Letters to the editor: Do animals feel human sentiments ascribed to them
Sir — Entertaining videos of pet cats and dogs are among the top trends on social media. In these videos, the four-legged influencers can be seen being playful or mischievous, while human speech is attributed to them in subtitles or in the audio track. However, one wonders whether animals actually feel the human sentiments that are ascribed to them. Scientists have shown that the projection of human emotions on animals might be a result of mankind’s superiority complex which leads us to consider other species as lesser beings that lack rationality. Anthropomorphising animals can also lead to inappropriate behaviour towards them. There is no harm in shooting and uploading videos of pets. But these are enjoyable in themselves without speech.
Smriti Dey, Kanpur
Done and dusted
Sir — Two residential towers in Noida were razed to the ground using controlled explosions recently (“Towers gone, dust watch for 2 months”, Aug 29). The demolition was ordered by the Supreme Court as the structures violated building regulations and fire safety norms. Some 3,500 kilogramme of explosives were used to bring down the towers; this left behind a massive cloud of dust and a mountain of debris that may take nearly three months to clear. The resultant air pollution cannot be good for those living in the vicinity. Adequate measures must be taken to reduce their exposure to the harmful smog.
This should serve as a wake-up call for real estate developers who flout norms with impunity. Buyers must find out whether a construction is legal before investing in it. M.C. Vijay Shanker, Chennai Sir — Supertech, the group that built the Noida twin towers, could not have flouted building rules without help from the planning and supervisory authorities concerned. But the apex court order, which came nine years after a complaint was made, restored people’s faith in the judiciary. Illegal constructions in urban spaces have long been a menace. Effective laws and stricter regulations must be in place to minimise such violations.
Somya Agrawal, Ujjain
Sir — Demolishing the Noida towers was a colossal waste of resources. Worse, banks and buyers might not be able to fully recover their money from the builder. The government could have acquired the buildings and found a way to put them to use. This would have saved precious resources.
N. Sadhasiva Reddy, Bengaluru
Sir — The amount of construction pollution generated by the demolition of the Noida towers is worrying.
B.K. Bandyopadhyay, Calcutta
Sir — In a survey conducted by an American company, the Indian prime minister, Narendra Modi, was declared the most popular leader in the world with an approval rating of 75 per cent. This has prompted his followers to boast of his achievements on social media and make unrealistic claims about his success.
Most authoritarian world leaders are served by a coterie of sycophants and remain oblivious to contrarian points of view. Is Modi any different? At a time when the country is facing unsurmountable challenges on several fronts, the prime minister has not only failed to heed the concerns raised by the Opposition but also resorted to hollow rhetoric instead of taking responsibility for the crises.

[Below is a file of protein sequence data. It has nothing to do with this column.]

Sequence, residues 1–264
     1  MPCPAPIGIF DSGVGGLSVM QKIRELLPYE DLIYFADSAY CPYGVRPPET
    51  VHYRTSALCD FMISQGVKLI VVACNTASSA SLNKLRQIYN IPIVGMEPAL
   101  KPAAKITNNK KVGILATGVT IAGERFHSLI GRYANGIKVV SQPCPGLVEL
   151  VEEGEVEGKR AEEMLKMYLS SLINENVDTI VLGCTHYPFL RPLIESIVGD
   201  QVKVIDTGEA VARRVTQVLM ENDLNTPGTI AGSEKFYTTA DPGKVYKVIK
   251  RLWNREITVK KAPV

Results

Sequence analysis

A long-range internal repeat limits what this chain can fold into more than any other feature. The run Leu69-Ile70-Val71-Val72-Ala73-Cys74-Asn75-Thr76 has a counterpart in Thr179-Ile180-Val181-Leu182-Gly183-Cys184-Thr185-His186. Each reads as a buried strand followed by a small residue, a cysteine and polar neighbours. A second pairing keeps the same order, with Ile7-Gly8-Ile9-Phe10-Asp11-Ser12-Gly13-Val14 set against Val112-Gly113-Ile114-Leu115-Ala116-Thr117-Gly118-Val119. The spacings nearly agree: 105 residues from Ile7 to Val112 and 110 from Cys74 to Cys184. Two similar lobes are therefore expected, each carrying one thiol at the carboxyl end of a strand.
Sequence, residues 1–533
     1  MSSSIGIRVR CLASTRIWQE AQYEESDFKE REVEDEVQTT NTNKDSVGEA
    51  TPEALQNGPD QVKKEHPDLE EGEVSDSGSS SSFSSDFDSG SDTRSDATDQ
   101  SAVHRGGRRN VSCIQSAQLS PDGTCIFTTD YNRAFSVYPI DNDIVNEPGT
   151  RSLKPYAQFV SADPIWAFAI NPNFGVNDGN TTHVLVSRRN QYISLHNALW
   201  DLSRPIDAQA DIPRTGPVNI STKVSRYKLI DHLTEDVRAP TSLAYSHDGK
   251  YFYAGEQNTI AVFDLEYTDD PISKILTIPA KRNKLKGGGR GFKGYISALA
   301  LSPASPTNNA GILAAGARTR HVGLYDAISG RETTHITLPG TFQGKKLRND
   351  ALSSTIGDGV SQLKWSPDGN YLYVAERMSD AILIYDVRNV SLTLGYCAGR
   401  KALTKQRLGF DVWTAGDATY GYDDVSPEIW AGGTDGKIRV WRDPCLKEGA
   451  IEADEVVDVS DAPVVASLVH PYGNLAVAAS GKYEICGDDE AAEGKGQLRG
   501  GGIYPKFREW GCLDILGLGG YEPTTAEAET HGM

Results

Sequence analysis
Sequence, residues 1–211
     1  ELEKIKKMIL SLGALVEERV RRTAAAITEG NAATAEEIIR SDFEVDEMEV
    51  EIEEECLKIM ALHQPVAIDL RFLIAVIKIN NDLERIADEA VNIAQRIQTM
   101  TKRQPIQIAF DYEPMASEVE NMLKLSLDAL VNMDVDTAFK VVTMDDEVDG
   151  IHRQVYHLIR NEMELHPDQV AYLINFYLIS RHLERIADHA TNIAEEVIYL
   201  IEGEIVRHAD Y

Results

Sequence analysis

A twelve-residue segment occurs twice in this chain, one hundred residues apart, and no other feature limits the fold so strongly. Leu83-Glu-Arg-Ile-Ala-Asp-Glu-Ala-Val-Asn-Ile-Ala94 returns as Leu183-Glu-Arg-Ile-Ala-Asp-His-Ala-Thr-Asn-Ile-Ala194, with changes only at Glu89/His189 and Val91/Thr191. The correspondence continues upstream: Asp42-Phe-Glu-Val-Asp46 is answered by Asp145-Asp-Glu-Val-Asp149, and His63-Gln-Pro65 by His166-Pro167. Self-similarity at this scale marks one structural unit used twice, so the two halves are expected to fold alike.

Jahar Saha, Calcutta
Sir — It is shocking that Karnataka has included a passage in a Class VIII textbook describing the Hindu ideologue, V.D. Savarkar, as flying out of the Cellular Jail in Andaman on the wings of bulbuls to visit his motherland . The managing director of the Karnataka Textbook Society has called the distortion an instance of “poetic imagination” (“The phantasma”, Aug 31). This poetic imagination is clouding historical facts, such as Savarkar writing several mercy petitions to the British government from jail and promising to withdraw his support for the Independence struggle if released. This belies the claims about Savarkar’s patriotism. Students must be taught to distinguish fact from fiction. The authorities should see to it that education centres remain free of any political propaganda.
Tharcius S. Fernando, Chennai
Sir — Research conducted by an institute based in France has revealed that good sleep is the key to minimising 72 per cent of cardiovascular disorders. It was found that a lack of proper sleep increases inflammation, blood pressure and stress hormones in the body, causing long-term heart damage. Excessive use of technology, sedentary lifestyles and work-related stress have affected normal sleep patterns. But over-the-counter sleeping pills are not the solution. They are addictive and have side effects.
Kiran Agarwal, Calcutta
Sir — The Centre has granted a sum of 5,200 crore rupees for the modernisation of post offices. This amount will be used to provide government services at the customer’s doorstep and to add 10,000 post offices within the year. A similar push for the digitisation of India Post was made in 2012. But the goals of that project have remained largely unmet. The government must ensure that post offices are well equipped.
Dattaprasad Shirodkar, Mumbai
Sir — India Post recently conducted deliveries with drones in Gujarat. This is encouraging. In spite of several problems, there are some remote corners of the country that are still connected only by the postal service. What is needed is an upgradation of services as well as an improvement in the remuneration of the postal staff.
Ranjini Ray, Calcutta